At two years old, Ariana Paoletti danced wildly around her living room to Madonna’s True Blue (1986) album. “I guess my love of music and dance started early,” she says before the eve of her performance at the Far Out Left festival, organised by Social and Regenerate.
Today, she’s a fiercely feminist DJ pushing the boundaries of techno all over the world. Her sound eschews pigeon-holing, crescendoing into a sonic tornado peppered with machine funk, pulsating beats and industrial riffs. Born in Sao Paulo, Brazil, Paoletti — who performs under the moniker Volvox, grew up in Brooklyn, New York — is a goth turned DJ, brining the same dark vibe to her performances. When she’s not channelling mood-swinging music for folks to start moving, she’s performing at concept gigs like the Pornceptual x Boiler Room live stream, creating a dizzying and heady blend of gender, sexuality and music. Through Discwomen — an all-female DJ booking agency that Volvox is a client and promoter of — she’s bringing women to the console, front and centre.
Here’s Volvox explaining what electronic body music is to the uninitiated along while talking about her music as a tool for feminism and evolving visual aesthetics.
What is it about electronic body music that lures you?
Techno as a style of electronic music that originated in Detroit in the late 1980s as a futuristic statement on sound and the human experience. The originators of techno infused the spirit of soul and Motown that they grew up with with the repetitive rhythms from the factory assembly lines, and imbued it with a positive vision of the future.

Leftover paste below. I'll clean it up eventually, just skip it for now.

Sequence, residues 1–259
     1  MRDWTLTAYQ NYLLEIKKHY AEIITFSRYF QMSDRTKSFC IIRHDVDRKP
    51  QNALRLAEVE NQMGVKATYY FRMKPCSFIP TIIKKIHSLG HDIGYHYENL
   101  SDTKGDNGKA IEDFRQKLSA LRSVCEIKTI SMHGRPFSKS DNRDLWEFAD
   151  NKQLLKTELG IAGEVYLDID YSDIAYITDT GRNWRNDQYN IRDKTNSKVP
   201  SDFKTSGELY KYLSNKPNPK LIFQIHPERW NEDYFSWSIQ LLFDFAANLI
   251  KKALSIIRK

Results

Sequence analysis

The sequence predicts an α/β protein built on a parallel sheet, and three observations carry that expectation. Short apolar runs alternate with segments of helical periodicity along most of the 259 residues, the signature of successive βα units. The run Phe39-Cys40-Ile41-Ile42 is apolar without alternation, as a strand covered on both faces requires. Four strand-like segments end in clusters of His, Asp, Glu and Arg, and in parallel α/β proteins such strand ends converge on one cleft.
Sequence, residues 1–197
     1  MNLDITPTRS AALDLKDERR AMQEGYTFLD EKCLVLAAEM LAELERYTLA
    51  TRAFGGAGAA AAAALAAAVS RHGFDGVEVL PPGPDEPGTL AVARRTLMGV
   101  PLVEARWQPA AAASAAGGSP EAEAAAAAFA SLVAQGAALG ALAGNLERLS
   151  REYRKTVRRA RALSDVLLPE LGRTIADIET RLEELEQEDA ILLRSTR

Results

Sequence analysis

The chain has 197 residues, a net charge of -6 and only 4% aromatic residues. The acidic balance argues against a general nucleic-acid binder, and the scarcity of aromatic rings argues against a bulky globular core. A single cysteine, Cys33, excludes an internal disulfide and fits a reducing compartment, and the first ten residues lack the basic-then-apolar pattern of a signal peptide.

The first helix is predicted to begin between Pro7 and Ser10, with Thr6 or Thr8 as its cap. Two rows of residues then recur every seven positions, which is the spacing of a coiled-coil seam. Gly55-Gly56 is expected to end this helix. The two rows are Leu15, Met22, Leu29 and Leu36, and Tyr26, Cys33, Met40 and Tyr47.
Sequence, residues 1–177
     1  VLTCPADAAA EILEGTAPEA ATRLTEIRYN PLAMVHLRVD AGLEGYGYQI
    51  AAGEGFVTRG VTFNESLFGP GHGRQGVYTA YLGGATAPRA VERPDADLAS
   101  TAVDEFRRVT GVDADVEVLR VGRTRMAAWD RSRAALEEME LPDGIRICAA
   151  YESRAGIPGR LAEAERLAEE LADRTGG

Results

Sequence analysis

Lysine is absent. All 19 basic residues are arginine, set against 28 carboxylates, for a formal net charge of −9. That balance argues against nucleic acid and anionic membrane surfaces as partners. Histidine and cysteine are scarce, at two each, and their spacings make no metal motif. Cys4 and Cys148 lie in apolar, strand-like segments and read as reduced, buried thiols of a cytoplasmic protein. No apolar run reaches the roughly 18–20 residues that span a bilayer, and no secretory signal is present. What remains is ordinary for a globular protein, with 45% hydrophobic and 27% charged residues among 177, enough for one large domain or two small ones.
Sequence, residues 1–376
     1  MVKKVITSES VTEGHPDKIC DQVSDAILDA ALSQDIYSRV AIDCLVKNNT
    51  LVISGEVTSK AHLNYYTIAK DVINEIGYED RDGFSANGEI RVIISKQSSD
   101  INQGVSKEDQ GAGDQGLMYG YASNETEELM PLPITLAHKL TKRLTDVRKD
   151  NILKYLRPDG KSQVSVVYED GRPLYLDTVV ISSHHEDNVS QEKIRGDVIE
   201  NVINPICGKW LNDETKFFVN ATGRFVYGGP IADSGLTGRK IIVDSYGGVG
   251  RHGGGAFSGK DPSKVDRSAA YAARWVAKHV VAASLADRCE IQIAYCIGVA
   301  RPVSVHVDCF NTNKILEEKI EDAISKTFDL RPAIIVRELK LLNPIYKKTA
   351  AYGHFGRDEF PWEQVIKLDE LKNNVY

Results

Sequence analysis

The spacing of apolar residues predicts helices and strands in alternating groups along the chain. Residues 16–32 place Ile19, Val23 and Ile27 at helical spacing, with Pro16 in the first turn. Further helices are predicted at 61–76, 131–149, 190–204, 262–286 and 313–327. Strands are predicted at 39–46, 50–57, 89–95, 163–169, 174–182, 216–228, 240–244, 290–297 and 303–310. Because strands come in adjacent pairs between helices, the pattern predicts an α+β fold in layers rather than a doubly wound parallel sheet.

Although it wasn’t the focus of my interest until more recently, techno was always around and popping up among the goth/industrial and electro music I was listening to as a teen. I was drawn to techno because of the power and intensity of the sound. At some point industrial music sort of lost its originality for me. Techno seemed to carry a lot of the same themes in a more refined and functional package so I made the jump.
How do your artistic and visual sensibilities influence your music?
For me, being into visual aesthetics is an ongoing practice running alongside my interest in music. Since music is so internal and ephemeral, creating a visual language to help communicate the content of the music is important to me.
People that are familiar with the history of industrial music and techno may pick up on visual references and cues that I use. Volvox as a character is highly influenced by American and European industrial music culture of the 1980s and a rebellious ethos overall.
You’ve played at several festish parties in the past. How does sexuality find central representation in your music?
Sexuality and sexual acceptance is a topic that is very important to me. My music is intended to connect at a visceral level, the rhythm hits your heart chakra and impulsively your body begins to move.
I feel like I express my inner self best when I am dancing, and I hope the audience can experience that for themselves as well.
Feminism has today, entered public discourse, especially in pop culture and politics. How important is it for you to let your music represent that?
My music and career represents feminist values in many ways. I cooperate with women, transgender and non-binary artists to promote new talent locally and globally. I nurture young DJs and producers through my events and record label. I use my intuition and perceptiveness to stay ahead of trends in music and deliver the best show possible. I am committed to helping others not only break into the electronic music industry but to rise in the ranks to meaningful positions of power.
Far Out Left festival takes place this evening and tomorrow at The Great Eastern Mills, Byculla at 8 p.m. onwards. See faroutleft.in for tickets and details